Buffalo selected wide receiver Sammy Watkins with the fourth overall pick in last year’s draft, which, according to Bovada, makes him the favorite to win the 2014 offensive rookie of the year award.
Since the award was created in 1967, there have been seven wideouts who have won the honor, the last being Percy Harvin with the Minnesota Vikings in 2009. Harvin had the luxury of Brett Favre, who went to the Pro Bowl that year, under center. Buffalo, on the other had, has second-year quarterback E.J. Manuel returning to a passing offense that was 31st in net yards per attempt last season (5.4) in a league where the average was 6.2.
Mike Evans has a decent chance in Tampa Bay, where Vincent Jackson will draw most of the attention from opposing corner backs, but new quarterback Josh McCown may not be given many opportunities to throw in a Lovie Smith-coached offensive scheme, as the Bears ranked 32, 27 and 27 in passing attempts during Smith’s last three seasons as coach.
Brandin Cooks, on the other hand, is in a prime situation in New Orleans with Drew Brees slinging the ball. But, the lion’s share of the receptions go to tight end Jimmy Graham, and after that, is spread around between Marques Colston and the running back corp. It is doubtful Cooks gets enough touches to impress the voters.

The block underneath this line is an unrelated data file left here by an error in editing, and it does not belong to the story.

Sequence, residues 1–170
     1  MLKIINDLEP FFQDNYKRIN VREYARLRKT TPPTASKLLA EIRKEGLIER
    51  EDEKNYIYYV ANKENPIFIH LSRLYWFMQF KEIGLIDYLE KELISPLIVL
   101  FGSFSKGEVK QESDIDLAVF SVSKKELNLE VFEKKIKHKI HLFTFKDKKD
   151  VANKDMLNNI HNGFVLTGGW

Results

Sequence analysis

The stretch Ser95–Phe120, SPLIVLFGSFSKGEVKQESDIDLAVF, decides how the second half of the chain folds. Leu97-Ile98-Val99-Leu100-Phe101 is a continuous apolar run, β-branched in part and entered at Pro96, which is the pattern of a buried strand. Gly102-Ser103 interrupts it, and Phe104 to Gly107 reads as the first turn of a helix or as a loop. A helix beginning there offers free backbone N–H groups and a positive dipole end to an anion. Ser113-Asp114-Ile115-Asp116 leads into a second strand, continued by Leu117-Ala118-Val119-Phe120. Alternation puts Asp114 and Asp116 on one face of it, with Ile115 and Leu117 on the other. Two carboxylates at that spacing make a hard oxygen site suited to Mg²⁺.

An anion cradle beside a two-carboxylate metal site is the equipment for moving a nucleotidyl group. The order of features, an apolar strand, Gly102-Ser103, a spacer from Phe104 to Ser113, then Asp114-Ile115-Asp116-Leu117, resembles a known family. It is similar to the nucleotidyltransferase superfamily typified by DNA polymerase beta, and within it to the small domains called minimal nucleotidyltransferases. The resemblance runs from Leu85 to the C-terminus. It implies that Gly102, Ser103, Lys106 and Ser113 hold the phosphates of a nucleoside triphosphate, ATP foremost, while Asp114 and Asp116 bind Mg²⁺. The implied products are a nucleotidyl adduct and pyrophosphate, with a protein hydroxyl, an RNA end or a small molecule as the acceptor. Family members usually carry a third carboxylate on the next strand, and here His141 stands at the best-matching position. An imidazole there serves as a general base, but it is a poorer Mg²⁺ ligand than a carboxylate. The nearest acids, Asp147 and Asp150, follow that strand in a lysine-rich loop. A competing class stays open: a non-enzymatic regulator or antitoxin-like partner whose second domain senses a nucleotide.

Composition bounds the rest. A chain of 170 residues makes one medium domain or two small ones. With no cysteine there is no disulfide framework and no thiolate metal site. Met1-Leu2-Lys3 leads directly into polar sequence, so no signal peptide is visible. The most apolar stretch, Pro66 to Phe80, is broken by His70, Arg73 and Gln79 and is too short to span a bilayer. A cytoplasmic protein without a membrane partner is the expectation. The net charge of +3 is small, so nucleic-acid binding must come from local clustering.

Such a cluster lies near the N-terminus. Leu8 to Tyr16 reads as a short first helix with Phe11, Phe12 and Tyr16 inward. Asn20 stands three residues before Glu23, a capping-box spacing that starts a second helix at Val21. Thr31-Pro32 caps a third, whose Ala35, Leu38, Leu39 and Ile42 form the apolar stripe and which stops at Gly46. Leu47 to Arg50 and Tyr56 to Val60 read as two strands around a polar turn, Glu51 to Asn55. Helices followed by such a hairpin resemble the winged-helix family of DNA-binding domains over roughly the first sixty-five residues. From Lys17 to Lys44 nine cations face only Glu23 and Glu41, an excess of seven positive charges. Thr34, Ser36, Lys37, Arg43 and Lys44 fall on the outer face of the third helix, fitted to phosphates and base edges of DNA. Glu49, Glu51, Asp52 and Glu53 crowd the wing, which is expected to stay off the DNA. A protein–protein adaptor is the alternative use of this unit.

Speaking of tight ends, none has ever won the award, so we can discount the chances of Detroit’s Eric Ebron and Jace Amaro of the Jets from contention.
This season’s quarterback group offers some enticing selections. Teddy Bridgewater’s college game should translate well to the NFL but there are still enough question marks to prefer others. Over in Jacksonville, Chad Henne projects to get most of the Jags’ starts in year one, leaving Blake Bortles on the sideline. Johnny Manziel is getting first-team reps in practice, but is still a long shot without Josh Gordon to throw to and could still lose ground to Brian Hoyer.
That leaves the running backs, who have been named the winner more than 68 percent of the time by the voters.
Carlos Hyde will give Frank Gore a run for his money in San Francisco, but Gore has not shown enough decline to be viewed as vulnerable on the depth chart. Tre Mason is getting snaps with the first team but still faces competition from Zac Stacy for the top spot in St. Louis. That leaves Bishop Sankey as the favorite to be the 2014 offensive rookie of the year.
Sankey has the benefit of opportunity. He is expected to be Tennessee’s starting running back from Week 1 behind one of the league’s best offensive lines in the game. According to Pro Football Focus, the Titan’s O-Line ranked eighth in the league for run blocking while their tight end, Taylor Thompson, led his position with a 4.0 run block rating in 2013. Their other TE, Craig Stevens, ranked eighth.
The last seven NFL offensive rookies of the year have come from the NFC, starting with running back Adrien Peterson (MIN) in 2007 and ending with running back Eddie Lacy (Green Bay) last season. Expect Sankey to start a new trend.